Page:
The story of the Kentucky Owl dates back to 1879 in north Mercer County, Kentucky. The original distillery was started by C.M. Dedman, an orphan who was adopted by a judge that gifted Dedman the distillery as a wedding present. Dedman operated the distillery until 1916 when the government shut down the operation and confiscated around 250,000 gallons of bourbon aging at the time. Sometime in 1919, after the passing of the Volstead Act, a mysterious fire destroyed the warehouse. It is speculated that the fire burned only bright enough to make the warehouse unusable and that a great deal of the bourbon made it out unscathed before the fire was set: It is thought that the bourbon made it into the hands of those that would sell it in speakeasies across the country. T.C. Dedman, the son of C.M. would fight tooth and nail to receive compensation for the loss, but never saw a dime. Despite insurmountable odds, the family came into ownership of the Beaumont Inn in Harrodsburg, KY, which is run by the Dedmans to this day.
Fast forward five generations, and the Inn is now operated by Dixon Dedman, whose hands-on approach to the management of the Inn speaks volumes of doing things “the proper way” (Beaumont Inn). Several years ago, Dixon met Mark Carter, fellow innkeeper and proprietor of Carter Cellars in Napa Valley, California (Carter Cellars). After long discussions (and a few drinks), plans to bring back the Kentucky Owl, “the Wise Man’s Bourbon,” started taking shape. Dixon and Mark wanted to make sure that this first batch was done correctly and in a way that would pay tribute to the many generations that came before them. With that philosophy in mind, they decided that their bourbon would come in at barrel proof and be uncut/unfiltered. – thebourbonguys.com
Tasted: Neat, in a glencairn glass
I was lucky enough to score a taste of the upcoming Kentucky Owl Batch #6 that is projected to be released in September. This batch consists of a blend of 8 different barrels ranging from 8-11 years old which came out to a total of 1,634 bottles. Kentucky Owl retails for around $165 and is only sold in Kentucky for the foreseeable future.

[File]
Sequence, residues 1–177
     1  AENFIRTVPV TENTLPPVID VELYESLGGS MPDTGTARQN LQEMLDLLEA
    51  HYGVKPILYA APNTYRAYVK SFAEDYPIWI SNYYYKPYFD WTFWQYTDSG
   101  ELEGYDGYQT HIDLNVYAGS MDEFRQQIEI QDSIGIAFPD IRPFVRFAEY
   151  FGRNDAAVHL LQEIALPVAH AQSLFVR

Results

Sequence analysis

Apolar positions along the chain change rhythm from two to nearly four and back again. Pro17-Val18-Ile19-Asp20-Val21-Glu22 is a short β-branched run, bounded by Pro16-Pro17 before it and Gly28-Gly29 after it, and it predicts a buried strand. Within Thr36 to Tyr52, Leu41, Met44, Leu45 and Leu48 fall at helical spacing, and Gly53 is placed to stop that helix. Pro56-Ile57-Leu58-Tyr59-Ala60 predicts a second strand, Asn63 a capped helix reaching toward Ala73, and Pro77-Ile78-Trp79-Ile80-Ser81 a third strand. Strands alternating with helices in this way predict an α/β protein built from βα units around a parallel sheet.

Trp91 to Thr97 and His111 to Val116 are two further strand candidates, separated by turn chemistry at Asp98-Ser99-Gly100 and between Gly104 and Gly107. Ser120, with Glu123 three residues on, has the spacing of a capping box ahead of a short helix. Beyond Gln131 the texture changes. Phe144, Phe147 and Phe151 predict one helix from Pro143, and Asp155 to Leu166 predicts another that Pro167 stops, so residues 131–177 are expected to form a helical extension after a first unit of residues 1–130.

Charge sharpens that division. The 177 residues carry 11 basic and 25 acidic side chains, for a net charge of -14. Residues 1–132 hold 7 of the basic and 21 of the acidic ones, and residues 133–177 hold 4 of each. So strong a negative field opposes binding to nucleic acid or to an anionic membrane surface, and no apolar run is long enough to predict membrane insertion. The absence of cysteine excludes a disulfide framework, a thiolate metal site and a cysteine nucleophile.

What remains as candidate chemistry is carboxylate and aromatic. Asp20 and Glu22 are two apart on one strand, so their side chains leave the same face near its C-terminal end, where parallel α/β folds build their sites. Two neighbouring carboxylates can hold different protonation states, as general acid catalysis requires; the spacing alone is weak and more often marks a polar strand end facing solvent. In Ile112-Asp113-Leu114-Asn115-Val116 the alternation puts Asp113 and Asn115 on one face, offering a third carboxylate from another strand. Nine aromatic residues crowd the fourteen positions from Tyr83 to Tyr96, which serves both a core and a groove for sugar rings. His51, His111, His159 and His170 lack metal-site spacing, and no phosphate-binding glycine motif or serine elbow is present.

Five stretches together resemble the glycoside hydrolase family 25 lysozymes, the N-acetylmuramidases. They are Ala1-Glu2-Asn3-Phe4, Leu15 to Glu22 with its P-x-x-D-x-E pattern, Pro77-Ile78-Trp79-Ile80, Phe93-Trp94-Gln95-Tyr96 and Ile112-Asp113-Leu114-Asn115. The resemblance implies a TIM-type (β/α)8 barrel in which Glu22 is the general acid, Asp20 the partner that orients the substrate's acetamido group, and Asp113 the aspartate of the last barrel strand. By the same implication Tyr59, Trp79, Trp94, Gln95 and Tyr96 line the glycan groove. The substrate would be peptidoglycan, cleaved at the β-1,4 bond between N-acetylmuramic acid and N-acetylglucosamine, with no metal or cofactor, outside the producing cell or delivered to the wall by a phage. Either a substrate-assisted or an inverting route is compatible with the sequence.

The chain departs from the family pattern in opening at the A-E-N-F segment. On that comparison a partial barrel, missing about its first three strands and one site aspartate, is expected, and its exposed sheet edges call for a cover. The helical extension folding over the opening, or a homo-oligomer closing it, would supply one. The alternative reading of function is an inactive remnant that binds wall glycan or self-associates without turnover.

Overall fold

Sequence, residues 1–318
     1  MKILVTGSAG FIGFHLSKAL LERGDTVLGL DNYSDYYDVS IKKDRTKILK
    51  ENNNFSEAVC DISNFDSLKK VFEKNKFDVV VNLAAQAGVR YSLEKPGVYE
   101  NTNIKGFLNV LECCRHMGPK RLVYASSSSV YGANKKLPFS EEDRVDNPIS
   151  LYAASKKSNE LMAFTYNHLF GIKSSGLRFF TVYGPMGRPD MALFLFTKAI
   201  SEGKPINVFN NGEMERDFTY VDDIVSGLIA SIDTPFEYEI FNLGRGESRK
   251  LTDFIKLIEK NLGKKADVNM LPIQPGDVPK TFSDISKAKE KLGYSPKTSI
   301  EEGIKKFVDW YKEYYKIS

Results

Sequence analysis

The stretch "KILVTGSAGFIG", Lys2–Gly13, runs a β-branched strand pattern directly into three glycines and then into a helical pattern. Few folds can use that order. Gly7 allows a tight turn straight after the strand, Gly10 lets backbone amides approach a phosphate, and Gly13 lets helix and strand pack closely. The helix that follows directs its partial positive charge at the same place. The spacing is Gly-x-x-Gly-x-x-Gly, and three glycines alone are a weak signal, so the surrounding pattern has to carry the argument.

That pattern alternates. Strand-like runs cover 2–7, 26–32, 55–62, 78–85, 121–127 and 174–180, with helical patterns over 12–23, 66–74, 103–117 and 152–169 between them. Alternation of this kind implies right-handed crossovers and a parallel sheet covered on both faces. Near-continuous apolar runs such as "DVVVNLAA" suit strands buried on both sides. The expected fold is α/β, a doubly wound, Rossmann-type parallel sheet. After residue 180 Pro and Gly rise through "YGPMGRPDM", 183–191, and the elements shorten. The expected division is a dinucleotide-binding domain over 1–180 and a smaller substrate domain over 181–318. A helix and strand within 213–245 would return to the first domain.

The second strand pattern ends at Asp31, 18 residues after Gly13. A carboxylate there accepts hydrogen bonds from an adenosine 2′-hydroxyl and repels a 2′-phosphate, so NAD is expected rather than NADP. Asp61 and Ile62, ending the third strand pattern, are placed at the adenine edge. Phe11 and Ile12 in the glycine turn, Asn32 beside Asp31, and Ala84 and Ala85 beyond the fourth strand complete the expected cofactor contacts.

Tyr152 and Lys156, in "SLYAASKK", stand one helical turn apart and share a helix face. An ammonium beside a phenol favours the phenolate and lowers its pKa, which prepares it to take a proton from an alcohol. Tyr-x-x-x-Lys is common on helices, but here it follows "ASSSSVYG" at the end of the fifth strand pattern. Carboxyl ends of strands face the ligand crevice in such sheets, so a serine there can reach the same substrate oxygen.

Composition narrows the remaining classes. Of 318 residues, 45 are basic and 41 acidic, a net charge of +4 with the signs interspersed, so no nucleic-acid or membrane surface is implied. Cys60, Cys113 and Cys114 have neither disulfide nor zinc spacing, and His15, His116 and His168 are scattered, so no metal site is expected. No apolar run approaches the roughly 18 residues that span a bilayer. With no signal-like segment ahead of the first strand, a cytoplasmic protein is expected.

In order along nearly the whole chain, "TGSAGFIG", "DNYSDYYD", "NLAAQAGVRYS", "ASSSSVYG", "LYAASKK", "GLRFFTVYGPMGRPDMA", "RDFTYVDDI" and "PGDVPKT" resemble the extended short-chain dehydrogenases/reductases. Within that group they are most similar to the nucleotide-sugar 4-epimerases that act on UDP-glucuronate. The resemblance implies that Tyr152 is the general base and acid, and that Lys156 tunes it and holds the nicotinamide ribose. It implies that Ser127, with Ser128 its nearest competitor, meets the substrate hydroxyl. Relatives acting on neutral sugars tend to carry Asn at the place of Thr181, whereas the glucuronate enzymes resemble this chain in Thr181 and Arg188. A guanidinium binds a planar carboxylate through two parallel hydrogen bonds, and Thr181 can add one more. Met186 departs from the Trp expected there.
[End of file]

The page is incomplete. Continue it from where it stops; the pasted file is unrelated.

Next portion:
Color: This is a first for one of my reviews. I have never mentioned color before. Mostly because the color of numerous varieties of bourbons are so similar that it really isn’t worth noting. However, right when I saw this pour in the glass I knew it was considerably darker than most bourbons. Almost like a mahogany coloring with some barrel char still present.
Palate: Cinnamon. Rye spice. Honey. Caramel. Pepper. Hint of oak. Touch hot on the palate for 111.2. This is definitely a spice forward pour. Which I tend to prefer in my bourbon. There are bold flavors on the palate that grab your attention right away. Great oily mouth feel. The mouth feel alone makes this bottle a winner for me. Yum!
Finish: Medium to long finish. Oak. Cinnamon. Rye spice.
Grade: 90 – 92 (A-) = Excellent, Want to buy a case
The Kentucky Owl Batch #6 is a winner in my book. Batch #6 is a unique bourbon that keeps your attention with bold flavors, rich mouth feel, and dark coloring that justifies a “A-” grade. While I’m not sure of the mashbills in the 8 barrels that were blended together to make this spicy deliciousness, I would have to imagine that a few were high rye. Not that Kentucky Owl needs anymore hype in the bourbon community as their limited offerings always sell out quickly, but I prefer batch #6 considerably more than batch #2 which is the only other Kentucky Owl I have tasted. The $165 price tag stings a little, but I would purchase a bottle or two for a special occasion pour.
I’m not a big wine guy, but I know enough that some of the most famous old world wines come with interesting backstories that have been passed down through generations and make for good conversation while enjoying a bottle. I feel that Kentucky Owl and it’s recent resurrection by Dixon Dedman have a similar type of rich story line that makes for an interesting discussion over a pour with family/friends. Cheers!
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